Commentary... Staying in the moment

 

Last updated 9/14/2022 at Noon



I recently tuned on the news to witness a historic moment — Prince Charles transitioning to King Charles. I listened to his speech then watched him greet and interact with his public. A moving gesture, but I couldn’t help but notice how many people were intently focused on their phones, anxiously photographing or videoing His Majesty. Instead of actually seeing their new King walking amongst them, they were glued to their phones.

I vaguely wondered why they hadn’t just stayed home and recorded this historic moment on their tellies. But I know the reason. People seem to have this millennial need to document everything, a need to prove they were there, that they attended a specific event. But were they really present? Did they actually witness anything their brain will remember in years to come? Were they truly in the moment? And what if the “cloud” swallows their photographic efforts?


Do you remember when going out for dinner was a social thing? Nowadays, it seems that half of us are bent over our cell phones. Have we forgotten how to interact with one another over a shared meal? And some get distracted with photographing their food. Does posting that dish on social media improve the dining experience? And then there are those who take group selfies, again and again, to get it just right. Perhaps it’s another way to prove they’re “in the moment.” But are they really?

As a young person I spent a year in one of the most remote places on earth — Papua New Guinea.

Talk about photographic opportunity! Of course, that was long before cellphone camera convenience, but I did have a little pocket-sized Kodak with me.


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I didn’t really enjoy being tied to a camera, but folks at home had begged so I tried to comply.

But early on, I learned something I’ll never forget.

The indigenous people intensely disliked having their pictures taken.

They believed the camera stole their soul.

Oddly enough, I could relate to that.

Since childhood I’d hated being posed and photographed.

Not that I thought my mom’s camera stole my soul exactly, but perhaps it chipped away a bit.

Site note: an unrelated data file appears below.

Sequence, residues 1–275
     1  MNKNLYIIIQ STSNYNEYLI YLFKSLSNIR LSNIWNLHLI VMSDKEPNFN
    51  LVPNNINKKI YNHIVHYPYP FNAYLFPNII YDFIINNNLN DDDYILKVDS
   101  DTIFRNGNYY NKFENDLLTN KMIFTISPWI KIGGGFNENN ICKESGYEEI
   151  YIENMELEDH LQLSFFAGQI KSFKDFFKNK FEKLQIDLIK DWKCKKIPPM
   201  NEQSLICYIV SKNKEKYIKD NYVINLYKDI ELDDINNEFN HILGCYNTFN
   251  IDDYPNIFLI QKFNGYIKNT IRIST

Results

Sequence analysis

And now I wonder if our convenient cell phone cameras might be thieves, or at the very least, intruders. Phones can usurp time, conversation, and the enjoyment of being present. How does one remain “in the moment” when viewing it through the limited lens of a phone? It’s like that kid watching a ball game through the knothole in a fence. Wouldn’t he have more fun amidst with the cheering crowd? To hear the ring of the bat, smell the popcorn, feel the crunch of peanut shells under foot? To have a real memory to take home?


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Have we forgotten that our brains can contain the most amazing “photo albums” ever? We are blessed with a lifetime of miraculously stored mental images that we can access in a nanosecond. Some of my favorite wildlife scenes are stored there. Golden antelope illuminated by the setting sun, a waterfall crashing and sparkling in the filtered afternoon light. The mama black bear sending two cubs up a tree in the coastal morning fog. Scenes I’d have lost or forgotten if I’d attempted to capture them by camera.


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Don’t get me wrong, I’m not saying cameras don’t have their place. Who doesn’t enjoy a beautiful landscape photograph or family portrait? I love historic photos, baby pics, and nature’s displays. And where would we be without movies? But are we going overboard with our “convenient” cameras? Photographing, videoing every little thing? What if we totally miss the moment while attempting to “capture” it?

As I write this, I’m considering our upcoming Sisters Folk Festival. I don’t think flash cameras are allowed, but I don’t like to recall how many times I’ve sat behind someone videoing a performer with their cellphone. I try to ignore the fan, but must admit it’s a distraction to my enjoyment of the song. And I’m curious whether the amateur videographer enjoys it. Do they even hear it? Have they considered recording from the rear of the tent? Am I just getting old and crotchety?


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Anyway, I have a challenge. Can we all become more cognizant of those times when cell phone usage lures us outside of the moment? Can we be aware that even if our picture taking in public venues seems normal to us, someone else might find it distracting or intrusive? I don’t want to go so far as to say cell phone cameras are stealing our souls, but perhaps they are nibbling away, shot by shot.

Let’s try to get back to being present—not trapped by flat images viewed through a camera’s lens. Let’s pocket our phones and engage all our senses to fully experience life’s pleasurable events. Let’s celebrate the now, and stay in the moment!


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